I’m a big fan of this approach so instead of ranting about how inhumane the meat industry is (there are more than enough documentaries about this out there), I’ll share some information on how reducing meat in our diets can have a huge positive impact on major areas of our existence on this planet. Contrary to the first part of my Going Vegan series of posts (From Omnivore to Vegan), this second bit is more information loaded but I’ve managed to boil everything down to three main points, please read on.

“It’s about being more concerned for our climate, more ecologically friendly and also healthier.”

1. Livestock issues:
“Livestock farming is responsible for 18 percent of global greenhouse gas emissions. Cutting meat consumption, environmentalists argue, would help stem global warming and improve the environment…”
Raising livestock for consumption takes an incredible amount of resources: on land to maintain all the animals + land to grow crops to feed them, water, fuel, etc. This is all taking its toll on our planet with the toxic gas emissions from livestock being higher than those of transportation. Our meat demand is directly destroying our environment.

2. Food distribution:
“…ironically, more than nine thousand children die each day from causes related to hunger and under-nutrition. It is a painful realization that the grain and resources we use to raise livestock could be used more directly instead to feed the starving and malnourished children in the world.”
This is probably the piece of information that had the most impact on me. I’m someone who very actively supports efforts to raise funds for causes fighting hunger around the world (Save the Children to be more specific).
It was a shocking realization finding out that this world is producing more than enough food to end hunger but we choose to put those resources where it is more comfortable for us. I can’t justify a steak on my plate when I know the food used to raise that cow could have been given to a malnourished kid.

3. My health:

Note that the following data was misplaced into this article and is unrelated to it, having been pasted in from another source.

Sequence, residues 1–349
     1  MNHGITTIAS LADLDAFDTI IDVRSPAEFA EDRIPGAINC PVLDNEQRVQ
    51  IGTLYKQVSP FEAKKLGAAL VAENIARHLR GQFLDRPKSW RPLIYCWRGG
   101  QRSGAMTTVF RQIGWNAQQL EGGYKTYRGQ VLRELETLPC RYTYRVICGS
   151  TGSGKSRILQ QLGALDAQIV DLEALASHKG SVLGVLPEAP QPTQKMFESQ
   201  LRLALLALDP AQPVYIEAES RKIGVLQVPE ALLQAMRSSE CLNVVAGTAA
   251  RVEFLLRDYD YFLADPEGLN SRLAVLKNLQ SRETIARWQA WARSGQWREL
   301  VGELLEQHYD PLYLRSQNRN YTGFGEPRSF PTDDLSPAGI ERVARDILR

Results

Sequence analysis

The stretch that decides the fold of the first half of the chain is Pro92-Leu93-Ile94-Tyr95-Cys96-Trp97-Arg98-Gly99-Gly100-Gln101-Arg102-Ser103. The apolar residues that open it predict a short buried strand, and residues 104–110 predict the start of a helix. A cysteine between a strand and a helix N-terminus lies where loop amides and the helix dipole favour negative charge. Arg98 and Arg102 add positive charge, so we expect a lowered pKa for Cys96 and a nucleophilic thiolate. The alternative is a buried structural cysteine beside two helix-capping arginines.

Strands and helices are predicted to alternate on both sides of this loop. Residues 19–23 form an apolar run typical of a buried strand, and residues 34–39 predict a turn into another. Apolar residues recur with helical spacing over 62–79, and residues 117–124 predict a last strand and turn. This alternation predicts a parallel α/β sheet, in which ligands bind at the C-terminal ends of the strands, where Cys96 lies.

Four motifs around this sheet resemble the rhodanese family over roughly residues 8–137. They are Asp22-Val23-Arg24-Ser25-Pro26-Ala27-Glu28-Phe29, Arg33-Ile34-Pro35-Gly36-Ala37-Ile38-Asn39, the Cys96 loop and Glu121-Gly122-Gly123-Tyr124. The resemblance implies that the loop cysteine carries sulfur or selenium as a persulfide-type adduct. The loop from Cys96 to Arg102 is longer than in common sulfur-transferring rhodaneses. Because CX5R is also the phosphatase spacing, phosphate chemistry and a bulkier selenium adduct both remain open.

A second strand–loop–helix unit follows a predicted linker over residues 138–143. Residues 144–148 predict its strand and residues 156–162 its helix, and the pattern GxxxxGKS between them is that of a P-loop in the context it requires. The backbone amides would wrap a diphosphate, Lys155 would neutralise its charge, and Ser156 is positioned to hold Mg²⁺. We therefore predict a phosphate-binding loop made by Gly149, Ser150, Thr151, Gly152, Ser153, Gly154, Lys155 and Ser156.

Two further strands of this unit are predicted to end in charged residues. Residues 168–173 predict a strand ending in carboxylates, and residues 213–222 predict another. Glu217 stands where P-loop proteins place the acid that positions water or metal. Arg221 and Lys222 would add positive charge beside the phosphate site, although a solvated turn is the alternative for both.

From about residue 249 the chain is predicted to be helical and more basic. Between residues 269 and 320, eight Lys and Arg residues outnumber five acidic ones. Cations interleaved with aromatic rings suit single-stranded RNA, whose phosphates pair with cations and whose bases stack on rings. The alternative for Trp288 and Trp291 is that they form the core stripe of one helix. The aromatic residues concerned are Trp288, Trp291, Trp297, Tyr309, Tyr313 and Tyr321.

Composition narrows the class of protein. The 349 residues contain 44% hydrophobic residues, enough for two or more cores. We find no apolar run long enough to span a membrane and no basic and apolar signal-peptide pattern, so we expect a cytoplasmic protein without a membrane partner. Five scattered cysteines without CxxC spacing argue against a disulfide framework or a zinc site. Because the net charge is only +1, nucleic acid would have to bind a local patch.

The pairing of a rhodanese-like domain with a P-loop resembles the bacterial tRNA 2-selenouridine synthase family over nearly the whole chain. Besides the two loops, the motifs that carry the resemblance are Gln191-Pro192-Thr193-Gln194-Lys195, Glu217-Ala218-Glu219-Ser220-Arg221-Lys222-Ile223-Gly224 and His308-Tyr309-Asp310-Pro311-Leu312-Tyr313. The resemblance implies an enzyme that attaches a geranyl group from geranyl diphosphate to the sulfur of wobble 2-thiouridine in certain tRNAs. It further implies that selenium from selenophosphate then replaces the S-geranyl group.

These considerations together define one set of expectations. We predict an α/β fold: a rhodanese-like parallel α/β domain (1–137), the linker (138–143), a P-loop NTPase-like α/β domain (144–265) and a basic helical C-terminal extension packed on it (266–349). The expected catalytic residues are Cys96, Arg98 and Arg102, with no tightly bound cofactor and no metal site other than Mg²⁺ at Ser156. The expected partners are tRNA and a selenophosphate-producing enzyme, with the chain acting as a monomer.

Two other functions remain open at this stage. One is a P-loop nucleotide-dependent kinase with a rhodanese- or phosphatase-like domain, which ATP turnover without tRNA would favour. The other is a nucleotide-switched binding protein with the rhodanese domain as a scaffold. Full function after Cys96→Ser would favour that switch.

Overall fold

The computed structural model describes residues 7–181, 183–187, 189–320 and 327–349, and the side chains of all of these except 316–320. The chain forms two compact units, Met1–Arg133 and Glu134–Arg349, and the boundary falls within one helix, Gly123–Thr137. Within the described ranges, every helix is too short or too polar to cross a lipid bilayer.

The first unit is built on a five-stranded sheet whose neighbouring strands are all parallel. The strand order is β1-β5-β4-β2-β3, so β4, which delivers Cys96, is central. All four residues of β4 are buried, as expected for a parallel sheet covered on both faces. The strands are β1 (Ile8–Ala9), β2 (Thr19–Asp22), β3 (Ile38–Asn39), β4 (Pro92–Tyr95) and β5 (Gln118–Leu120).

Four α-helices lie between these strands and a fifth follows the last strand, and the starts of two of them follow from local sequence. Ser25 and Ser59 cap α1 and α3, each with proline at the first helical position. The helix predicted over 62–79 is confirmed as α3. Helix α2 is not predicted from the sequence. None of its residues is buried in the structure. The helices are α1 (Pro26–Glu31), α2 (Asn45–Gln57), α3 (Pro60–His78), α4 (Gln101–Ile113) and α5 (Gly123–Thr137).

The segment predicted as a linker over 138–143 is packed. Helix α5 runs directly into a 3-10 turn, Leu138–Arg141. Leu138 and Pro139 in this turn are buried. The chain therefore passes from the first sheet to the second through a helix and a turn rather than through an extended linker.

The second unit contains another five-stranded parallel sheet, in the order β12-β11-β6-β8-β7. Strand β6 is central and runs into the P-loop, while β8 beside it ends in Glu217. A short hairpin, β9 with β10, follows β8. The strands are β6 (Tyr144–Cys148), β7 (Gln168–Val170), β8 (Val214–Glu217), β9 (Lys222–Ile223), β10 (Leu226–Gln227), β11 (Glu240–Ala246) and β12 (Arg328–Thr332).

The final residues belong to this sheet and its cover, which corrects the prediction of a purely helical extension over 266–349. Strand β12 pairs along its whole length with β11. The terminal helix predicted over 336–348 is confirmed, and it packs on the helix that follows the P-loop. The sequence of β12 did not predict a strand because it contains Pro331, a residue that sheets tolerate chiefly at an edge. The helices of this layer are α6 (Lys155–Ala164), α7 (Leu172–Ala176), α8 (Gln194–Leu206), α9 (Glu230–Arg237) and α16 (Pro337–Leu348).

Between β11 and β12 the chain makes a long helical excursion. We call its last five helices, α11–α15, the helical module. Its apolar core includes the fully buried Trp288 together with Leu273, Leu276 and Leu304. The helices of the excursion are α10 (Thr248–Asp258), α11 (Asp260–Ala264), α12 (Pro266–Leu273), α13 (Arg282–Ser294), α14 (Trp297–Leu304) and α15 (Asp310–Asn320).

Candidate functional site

“The world’s largest organisation of food and nutrition professionals, the Academy of Nutrition and Dietetics, states that: vegetarian eating patterns have been associated with improved health outcomes, including lower levels of obesity, a reduced risk of heart disease and lower blood pressure.”
I have my personal experience to back me up on this one: ever since I started cutting down on meat my body has experienced the biggest positive change in my whole life. Even before fully quitting meat, when I was still eating it once or twice a week, I already noticed a difference. I naturally ended up losing quite some weight but what has surprised me the most is the incredible amount of energy I have now compared to the past. My body feels lighter, cleaner and healthier in general; I rarely fall sick and can keep up intense and long levels of activity without big struggle (will talk more elaborately about this point on part 3).

Let me close this post with this excerpt that wraps up and binds everything together nicely for me:
“Science informs us that when our diet is more plant based, and when we exercise regularly, our health will improve. By mindfully reducing meat consumption, you are also performing a miracle, because your change in diet indirectly helps make food more available to hungry children in underdeveloped countries as well as reduce global warming. When more of us practice mindfulness this way, we are creating transformation at not only the individual level but also the collective level. We are changing the world.”

Think about it and help me spread the word ~~

Sources:
Peaceful Dumpling: Exclusive Interview: Nobel Prize Winner Alvin Roth On Future Of Food
- Daily Mail UK: Norwegian army goes vegetarian as it goes to war against climate change by cutting ‘ecologically unfriendly’ foods
- “Mindful Eating, Mindful Life” – Thich Nhat Hanh and Dr. Lilian Cheung
- Irish Times: On the Menu: Why ‘Meatless Monday’ plan is good news all round